Almost thirty years after “Britpop” was a thing, the dust has yet to settle on the pop culture explosion that it represented. The monster that is Oasis makes it impossible to look back on the period with any sort of clarity…maybe even with any kind of love…because their trad rockin’ beats are seen, by many, to be the start and end of the whole thing. When I say “many” I mean either ageing football casuals, middle-class boys who weren’t quite tough enough to have been football casuals and who use a parka and a Liam haircut to try and convince people they were, and the girls who sat looking with doe eyes at the first lot at the sixth form end of term disco. What that means is that any discussion of the period ends up being a debate about whether “Live Forever” or “Don’t Look Back in Anger” is the greatest song ever written…the answer is no, to both.
I have just finished a book on the era which, in large part, is an attempt to shift that narrative and to put the focus on the bands who weren’t just a tired rehash of “Rubber Soul” and who really were the sort of art school boppers that kids like me were obsessed with at that point. Trust me, very few of us were all that interested in Oasis. They poisoned the water.
Most of the focus for the nostalgia/revivalist crowd in 2022 will be on Liam Gallagher playing at Knebworth. I’m sure everyone will have a jolly old time. Liam seems like a very sweet man these days. But how many times can you replay the same moment and still find anything of value in it? We’ve had documentaries, concert films, books, magazines, TV shows…endlessly repeating the same talking points about Knebworth. The biggest. The BIGGEST. The BIGGEREST. It was really fucking big. MASSIVE. Fine. Enjoy it. Get all coked up good and proper, give your Wallabies a good dusting and hopefully get home in time to relieve the babysitter.
But for the rest of us, for the grotesquely lonely of the nineties, there is something a little more careful, a little more precious, a little more literate, a little more fun, looming in 2022…Sleeper are heading back on the road to play “The IT Girl” in full.
“AHA! What about your sneering “nostalgia/revival” snark a minute ago you massive fucking hypocrite?” I hear you bray.
You got me.
Bang to rights.
It’s a fair cop.
Except…it’s not really.
In the years since “The IT Girl” was released in 1996, the various parts and hearts of Sleeper have moved on, moved away, lived a little, loved a lot, forged new lives…books, families, academia. And then, when they did return for some shows in 2017 it wasn’t an attempt to jump on the nostalgia gravy train. For Sleeper it was a warm up, a dress rehearsal, a test…did they still love it, could they still do it? They did and they could. And then they went away and wrote a whole new album. Not just that, they wrote a whole new album that was really good and then followed it up with another album of new material forged out of old ideas and half forgotten dreams of songs. It was really good too.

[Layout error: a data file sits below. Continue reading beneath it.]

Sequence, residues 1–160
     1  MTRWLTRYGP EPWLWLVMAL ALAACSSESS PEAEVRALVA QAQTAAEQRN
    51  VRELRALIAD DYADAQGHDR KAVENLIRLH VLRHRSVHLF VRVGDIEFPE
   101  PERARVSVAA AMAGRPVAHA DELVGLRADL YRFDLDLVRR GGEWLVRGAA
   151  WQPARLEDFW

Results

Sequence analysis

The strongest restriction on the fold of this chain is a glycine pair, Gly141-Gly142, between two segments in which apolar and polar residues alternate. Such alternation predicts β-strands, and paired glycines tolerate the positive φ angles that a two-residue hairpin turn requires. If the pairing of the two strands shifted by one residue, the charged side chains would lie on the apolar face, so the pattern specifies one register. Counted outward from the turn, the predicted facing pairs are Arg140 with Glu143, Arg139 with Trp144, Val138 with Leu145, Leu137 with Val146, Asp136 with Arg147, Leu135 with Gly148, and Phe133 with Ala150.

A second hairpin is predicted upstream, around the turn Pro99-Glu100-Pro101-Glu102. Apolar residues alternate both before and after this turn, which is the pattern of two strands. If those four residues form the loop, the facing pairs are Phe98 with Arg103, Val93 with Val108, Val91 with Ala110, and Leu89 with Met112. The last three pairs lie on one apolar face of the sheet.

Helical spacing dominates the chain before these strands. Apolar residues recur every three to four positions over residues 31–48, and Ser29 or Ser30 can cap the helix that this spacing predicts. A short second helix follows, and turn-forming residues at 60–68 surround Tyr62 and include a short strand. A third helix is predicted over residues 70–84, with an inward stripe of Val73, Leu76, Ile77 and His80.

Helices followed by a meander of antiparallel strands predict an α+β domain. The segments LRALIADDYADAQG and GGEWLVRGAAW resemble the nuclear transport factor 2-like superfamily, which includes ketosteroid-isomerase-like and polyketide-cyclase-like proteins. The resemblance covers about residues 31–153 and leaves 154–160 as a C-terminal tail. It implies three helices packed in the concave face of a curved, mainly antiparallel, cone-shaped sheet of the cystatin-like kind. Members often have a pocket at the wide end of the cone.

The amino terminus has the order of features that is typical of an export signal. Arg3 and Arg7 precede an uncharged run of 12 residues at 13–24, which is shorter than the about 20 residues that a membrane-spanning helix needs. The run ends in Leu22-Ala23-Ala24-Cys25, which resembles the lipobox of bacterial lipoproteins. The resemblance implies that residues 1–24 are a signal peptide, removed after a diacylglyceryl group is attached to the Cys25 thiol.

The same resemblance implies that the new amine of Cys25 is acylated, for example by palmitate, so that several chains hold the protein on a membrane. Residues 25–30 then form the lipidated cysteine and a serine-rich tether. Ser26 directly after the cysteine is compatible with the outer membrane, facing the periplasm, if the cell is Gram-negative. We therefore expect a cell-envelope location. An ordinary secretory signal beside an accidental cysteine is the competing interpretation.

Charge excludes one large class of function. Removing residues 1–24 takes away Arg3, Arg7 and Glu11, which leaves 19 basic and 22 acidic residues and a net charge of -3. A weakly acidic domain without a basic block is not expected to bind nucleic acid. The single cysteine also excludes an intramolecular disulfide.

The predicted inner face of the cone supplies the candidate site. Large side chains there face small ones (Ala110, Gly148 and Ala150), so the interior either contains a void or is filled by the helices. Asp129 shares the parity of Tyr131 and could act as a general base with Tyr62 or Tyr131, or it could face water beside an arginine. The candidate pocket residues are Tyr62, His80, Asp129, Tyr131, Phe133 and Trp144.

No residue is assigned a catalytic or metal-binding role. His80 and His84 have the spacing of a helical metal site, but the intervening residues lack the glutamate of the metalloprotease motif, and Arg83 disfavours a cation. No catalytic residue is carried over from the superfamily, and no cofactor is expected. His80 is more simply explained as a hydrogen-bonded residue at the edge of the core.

Sleeper then are a going concern.
More than that the new music didn’t sound like a tired reheating of the old music. It was, genuinely, new music. Sometimes new music is just the same music with a new title…
“The IT Girl” is one of the best albums of the Britpop era. Had the musical landscape not been gasping for breath under the weight of Oasis and the other trad rockers it might have found a bigger and even more appreciative audience…which is saying something given that it sold some 300,000 copies. It includes some of the defining singles of the period, “Sale of the Century”, the gorgeous “What Do I Do Now?”, “Statuesque” and “Nice Guy Eddie”, all of which made the top twenty. But it isn’t the singles that make it great, it’s greatness lies in that vocal from Louise on “Shrink Wrapped”, it lies in the furious thrash and finger popping hip cat thrills of “Feeling Peaky”, the Pixies-esque “Lie Detector”, the maudlin swoop of “Click…Off…Gone” and the dizzy, giddy, charms of “Dress Like Your Mother”.
It’s all killer.
I won’t be in the field where Robbie Williams thrilled the biggest audience ever seen at Knebworth next year, instead I’ll be hitting the road to hear one of the best British bands of the nineties playing one of the greatest albums by a British band ever.
Friday 22nd April - Leeds O2 Academy
Saturday 23rd April - Glasgow SWG3
Thursday 28th April - Bristol O2 Academy
Friday 29th April - Coventry HMV Empire
Saturday 30th April - Manchester Albert Hall
Sunday 1st May - Newcastle Boilershop
Friday 6th May - London Roundhouse
Saturday 7th May - Cambridge Junction